SILVER CREEK - Silver Creek High School students learned the emotional lesson of what could happen when someone drinks and drives.
"Prom is coming up, graduation is coming up and the rest of your life is coming up. This is something you will remember for the rest of your life," High School Principal James Klubek promised Tuesday morning before the demonstration of a fatal crash.
Silver Creek is one of four schools in Chautauqua County that were able to hold this kind of presentation this year. Klubek said the last time Silver Creek hosted a Mock DWI fatal crash was around 10 years ago.
Mock DWI at Silver Creek
High school students from seniors to freshmen were brought to the auditorium and later outside to witness the possible consequences of drinking and driving.
"It is a good lesson even for you freshmen because we may not be able to do this again before you graduate," Sheriff's Deputy Thomas Delcamp said.
The demonstration began with members of the group Students Against Destructive Decisions (SADD) acting out two scenes; the first a party with students playing board games, the second with students playing beer pong.
OBSERVER Photos by Nicole Gugino
Top: A record number of police and fire department members turned out to demonstrate to Silver Creek High School students the possible consequences of drinking and driving.
Above: An assembly left several students in tears after witnessing the possible consequences of drinking and driving.
At the first party, two girls leave for home. At the same time, a boy and girl leave from the drinking party, also on their way home.
The presentation then moved outside to the scene of the crash, said to be at the corner of Route 5 and Washington Street in the village of Silver Creek.
First on the scene of the head-on collision between a car and pickup truck were the Silver Creek Police to clear the scene. Sgt. Steven Romanik exited his car and escorted the driver from his truck to the police car as fire trucks and an ambulance from Silver Creek and Sunset Bay fire departments arrived.
Firefighters and EMTs ran from their vehicles, making sure the vehicles were safe and pulling victims from the vehicles.
A girl's body was pulled from the car and covered with a sheet. Chautauqua County Coroner Warren Riles was called to the scene to inspect the body.
Firefighters then had to use the jaws of life to extricate the other two girls from the vehicles. The first was taken by ambulance to the hospital. The other was taken from the car and loaded into the waiting Starflight helicopter.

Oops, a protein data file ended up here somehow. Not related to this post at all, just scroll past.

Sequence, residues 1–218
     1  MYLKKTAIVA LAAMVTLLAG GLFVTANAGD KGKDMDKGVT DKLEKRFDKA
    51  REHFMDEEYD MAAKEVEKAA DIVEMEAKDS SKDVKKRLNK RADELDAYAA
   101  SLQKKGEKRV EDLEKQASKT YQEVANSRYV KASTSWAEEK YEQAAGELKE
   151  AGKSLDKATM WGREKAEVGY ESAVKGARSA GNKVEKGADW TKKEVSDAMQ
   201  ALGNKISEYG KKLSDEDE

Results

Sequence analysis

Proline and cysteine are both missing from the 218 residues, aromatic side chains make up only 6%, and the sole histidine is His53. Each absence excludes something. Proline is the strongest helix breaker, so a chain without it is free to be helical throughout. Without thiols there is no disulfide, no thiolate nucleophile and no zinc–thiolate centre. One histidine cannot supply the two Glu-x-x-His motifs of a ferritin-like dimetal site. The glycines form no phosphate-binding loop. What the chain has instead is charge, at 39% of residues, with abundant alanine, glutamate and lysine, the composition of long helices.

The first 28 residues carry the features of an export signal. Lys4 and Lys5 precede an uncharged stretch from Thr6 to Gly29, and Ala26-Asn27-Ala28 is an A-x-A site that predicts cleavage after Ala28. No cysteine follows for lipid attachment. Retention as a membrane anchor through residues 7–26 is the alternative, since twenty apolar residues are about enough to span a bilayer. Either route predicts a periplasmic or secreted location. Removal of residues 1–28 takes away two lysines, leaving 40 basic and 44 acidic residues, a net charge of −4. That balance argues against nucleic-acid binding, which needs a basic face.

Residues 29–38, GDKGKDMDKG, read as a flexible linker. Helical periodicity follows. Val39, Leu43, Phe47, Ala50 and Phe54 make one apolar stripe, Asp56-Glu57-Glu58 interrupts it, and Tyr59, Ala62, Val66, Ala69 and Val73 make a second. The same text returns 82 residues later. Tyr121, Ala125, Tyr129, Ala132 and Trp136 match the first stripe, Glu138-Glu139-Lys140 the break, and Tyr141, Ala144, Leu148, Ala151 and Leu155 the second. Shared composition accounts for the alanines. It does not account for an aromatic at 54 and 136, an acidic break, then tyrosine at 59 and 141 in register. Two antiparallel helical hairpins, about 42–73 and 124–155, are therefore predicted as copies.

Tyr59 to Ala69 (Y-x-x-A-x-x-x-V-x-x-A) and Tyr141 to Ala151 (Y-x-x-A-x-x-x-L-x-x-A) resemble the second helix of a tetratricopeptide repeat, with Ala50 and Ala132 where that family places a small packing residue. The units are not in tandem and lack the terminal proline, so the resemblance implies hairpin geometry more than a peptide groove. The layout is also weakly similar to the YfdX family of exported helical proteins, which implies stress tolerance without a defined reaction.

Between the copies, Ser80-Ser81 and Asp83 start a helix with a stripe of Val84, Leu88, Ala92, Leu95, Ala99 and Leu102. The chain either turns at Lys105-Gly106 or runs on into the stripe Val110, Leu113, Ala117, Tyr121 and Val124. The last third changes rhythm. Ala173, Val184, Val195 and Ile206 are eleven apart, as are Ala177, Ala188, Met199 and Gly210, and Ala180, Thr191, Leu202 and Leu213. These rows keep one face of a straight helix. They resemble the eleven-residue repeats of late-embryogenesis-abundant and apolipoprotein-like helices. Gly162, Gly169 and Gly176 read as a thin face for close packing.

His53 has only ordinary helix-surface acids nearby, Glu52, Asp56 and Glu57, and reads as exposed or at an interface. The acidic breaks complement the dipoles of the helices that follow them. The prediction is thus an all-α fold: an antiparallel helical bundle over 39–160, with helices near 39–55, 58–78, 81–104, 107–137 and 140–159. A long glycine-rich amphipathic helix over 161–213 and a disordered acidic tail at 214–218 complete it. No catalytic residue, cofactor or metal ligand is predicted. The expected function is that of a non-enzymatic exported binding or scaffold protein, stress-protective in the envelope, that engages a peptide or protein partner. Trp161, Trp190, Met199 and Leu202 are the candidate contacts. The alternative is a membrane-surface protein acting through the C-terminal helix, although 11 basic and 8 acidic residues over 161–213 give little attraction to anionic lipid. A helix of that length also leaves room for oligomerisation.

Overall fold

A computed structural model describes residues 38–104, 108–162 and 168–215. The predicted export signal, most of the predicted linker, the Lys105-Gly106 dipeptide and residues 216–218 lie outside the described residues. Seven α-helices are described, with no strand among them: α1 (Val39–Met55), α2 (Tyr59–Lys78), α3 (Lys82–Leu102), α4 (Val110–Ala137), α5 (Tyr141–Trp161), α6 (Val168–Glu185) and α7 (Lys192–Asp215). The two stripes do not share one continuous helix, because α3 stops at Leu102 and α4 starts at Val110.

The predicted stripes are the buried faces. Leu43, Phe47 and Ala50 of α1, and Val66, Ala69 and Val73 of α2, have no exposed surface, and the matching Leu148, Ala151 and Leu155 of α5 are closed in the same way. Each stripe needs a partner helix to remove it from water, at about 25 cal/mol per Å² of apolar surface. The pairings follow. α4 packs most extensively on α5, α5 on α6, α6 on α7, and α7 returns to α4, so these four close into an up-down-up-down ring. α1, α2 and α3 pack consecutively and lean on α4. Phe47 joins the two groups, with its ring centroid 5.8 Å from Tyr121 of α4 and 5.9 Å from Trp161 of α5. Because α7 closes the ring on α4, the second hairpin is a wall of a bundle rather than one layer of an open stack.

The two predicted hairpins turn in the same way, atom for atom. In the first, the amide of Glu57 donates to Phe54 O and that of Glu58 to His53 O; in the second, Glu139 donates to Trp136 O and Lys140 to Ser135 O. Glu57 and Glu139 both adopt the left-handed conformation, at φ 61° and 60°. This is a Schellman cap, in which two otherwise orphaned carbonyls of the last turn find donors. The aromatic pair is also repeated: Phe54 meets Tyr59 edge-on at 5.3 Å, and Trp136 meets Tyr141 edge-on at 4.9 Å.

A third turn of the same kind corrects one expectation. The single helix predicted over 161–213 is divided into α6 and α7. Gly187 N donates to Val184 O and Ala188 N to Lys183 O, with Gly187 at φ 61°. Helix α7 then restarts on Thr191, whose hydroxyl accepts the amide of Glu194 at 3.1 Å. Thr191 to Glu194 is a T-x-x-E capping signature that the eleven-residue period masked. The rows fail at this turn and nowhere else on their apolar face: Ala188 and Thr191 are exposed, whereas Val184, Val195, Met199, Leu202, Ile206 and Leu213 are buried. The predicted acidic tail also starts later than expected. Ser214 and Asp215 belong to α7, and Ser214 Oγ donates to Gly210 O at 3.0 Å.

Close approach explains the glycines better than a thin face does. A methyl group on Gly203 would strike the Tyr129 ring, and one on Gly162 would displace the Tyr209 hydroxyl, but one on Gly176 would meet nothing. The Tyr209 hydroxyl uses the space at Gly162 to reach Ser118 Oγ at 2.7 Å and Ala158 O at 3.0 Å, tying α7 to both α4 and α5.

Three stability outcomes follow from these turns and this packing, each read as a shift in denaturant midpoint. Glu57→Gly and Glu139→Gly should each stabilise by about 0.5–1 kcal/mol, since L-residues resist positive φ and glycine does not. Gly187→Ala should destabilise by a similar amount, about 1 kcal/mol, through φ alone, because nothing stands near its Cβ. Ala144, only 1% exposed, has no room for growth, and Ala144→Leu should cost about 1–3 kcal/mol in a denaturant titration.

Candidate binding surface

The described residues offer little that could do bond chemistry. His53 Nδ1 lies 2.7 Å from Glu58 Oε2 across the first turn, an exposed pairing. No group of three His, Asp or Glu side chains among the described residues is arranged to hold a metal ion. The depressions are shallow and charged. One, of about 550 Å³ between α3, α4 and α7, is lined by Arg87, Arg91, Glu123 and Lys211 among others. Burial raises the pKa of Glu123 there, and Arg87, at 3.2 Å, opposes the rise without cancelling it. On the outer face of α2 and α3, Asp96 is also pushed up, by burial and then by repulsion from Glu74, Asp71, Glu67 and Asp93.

While the injured were cared for by emergency personnel, Sgt. Romanik conducted field sobriety tests on the driver of the truck, who failed and was taken into custody.
Although many students found the beginning of the presentation comical, the mood became much more subdued and even tearful.
"Some might think this is funny, it's just an act, but this happens all too often," Lt. James Quattrone said.
The presentation resumed inside at the hearing in front of Hanover Judge Walter Klyczek.
The presentation panned over to Coroner Riles for the call to the dead girl's parents for funeral arrangements.
"There is no easy way to tell someone that they've lost a loved one, but it must be done," Riles said.
Next, the judge appointed the driver a public defender. Unable to make bail for his class D felony charge of vehicular manslaughter, he was sent to jail.
Over the loud speaker, a WDOE broadcast of the incident was played, reporting on the accident and the outcome.
The presentation ended with a funeral. The victim's best friend gave a eulogy saying tearfully she is loved and missed.
Many students were in tears by the end.
Senior Rebekka Lawton in particular said she was "bawling" seeing the scene with the casket draped with her jerseys and her senior picture.
"Look at your best friend and say you're not here tomorrow ... and when I say you're not here tomorrow I mean forever ... Imagine the grief you'd feel," Deputy Delcamp said.
The school district supported this demonstration to teach students in a different way. "It is our hope that this emotional assembly will leave a lasting lesson for our high school students, impacting the decisions they make," Superintendent David O'Rourke said later at the school board meeting.
Sgt. Romanik and Deputy Delcamp wanted to emphasize to students that drinking and driving can have deadly consequences and to make "wise choices."
"If you're out partying and you end up with the keys, call someone ... You'll get a lot more respect from your parents (if you called) than if you were charged with DWI," Delcamp said.
Klubek and O'Rourke, on separate occasions, both thanked SADD members Liz Nasca and Ron Hasson as well as student/actors Cody Hehir, Jennifer Phillips, Emily Mirek and Katelyn Plecker for their hard work and the responding police and fire departments.